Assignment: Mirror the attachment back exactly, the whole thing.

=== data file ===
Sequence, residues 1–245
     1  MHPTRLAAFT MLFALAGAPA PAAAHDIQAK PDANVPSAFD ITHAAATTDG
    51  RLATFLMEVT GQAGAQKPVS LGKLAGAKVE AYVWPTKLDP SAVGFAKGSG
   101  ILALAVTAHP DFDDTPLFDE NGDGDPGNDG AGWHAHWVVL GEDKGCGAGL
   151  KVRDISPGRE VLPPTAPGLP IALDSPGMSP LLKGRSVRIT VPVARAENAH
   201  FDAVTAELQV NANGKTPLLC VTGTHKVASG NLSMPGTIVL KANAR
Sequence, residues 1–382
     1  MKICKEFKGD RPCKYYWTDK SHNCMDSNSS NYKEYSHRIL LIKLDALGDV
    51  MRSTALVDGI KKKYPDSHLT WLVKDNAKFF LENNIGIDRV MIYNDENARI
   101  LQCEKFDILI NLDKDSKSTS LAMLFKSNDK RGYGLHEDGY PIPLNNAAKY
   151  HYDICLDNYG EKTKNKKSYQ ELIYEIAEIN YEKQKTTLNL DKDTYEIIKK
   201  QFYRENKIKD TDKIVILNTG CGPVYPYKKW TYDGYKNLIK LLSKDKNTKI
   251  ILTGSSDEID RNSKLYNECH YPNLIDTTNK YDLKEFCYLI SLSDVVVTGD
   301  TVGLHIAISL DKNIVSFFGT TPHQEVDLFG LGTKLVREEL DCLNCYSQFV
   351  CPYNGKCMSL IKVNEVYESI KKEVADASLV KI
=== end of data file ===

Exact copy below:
Sequence, residues 1–245
     1  MHPTRLAAFT MLFALAGAPA PAAAHDIQAK PDANVPSAFD ITHAAATTDG
    51  RLATFLMEVT GQAGAQKPVS LGKLAGAKVE AYVWPTKLDP SAVGFAKGSG
   101  ILALAVTAHP DFDDTPLFDE NGDGDPGNDG AGWHAHWVVL GEDKGCGAGL
   151  KVRDISPGRE VLPPTAPGLP IALDSPGMSP LLKGRSVRIT VPVARAENAH
   201  FDAVTAELQV NANGKTPLLC VTGTHKVASG NLSMPGTIVL KANAR
Sequence, residues 1–382
     1  MKICKEFKGD RPCKYYWTDK SHNCMDSNSS NYKEYSHRIL LIKLDALGDV
    51  MRSTALVDGI KKKYPDSHLT WLVKDNAKFF LENNIGIDRV MIYNDENARI
   101  LQCEKFDILI NLDKDSKSTS LAMLFKSNDK RGYGLHEDGY PIPLNNAAKY
   151  HYDICLDNYG EKTKNKKSYQ ELIYEIAEIN YEKQKTTLNL DKDTYEIIKK
   201  QFYRENKIKD TDKIVILNTG CGPVYPYKKW TYDGYKNLIK LLSKDKNTKI
   251  ILTGSSDEID RNSKLYNECH YPNLIDTTNK YDLKEFCYLI SLSDVVVTGD
   301  TVGLHIAISL DKNIVSFFGT TPHQEVDLFG LGTKLVREEL DCLNCYSQFV
   351  CPYNGKCMSL IKVNEVYESI KKEVADASLV KI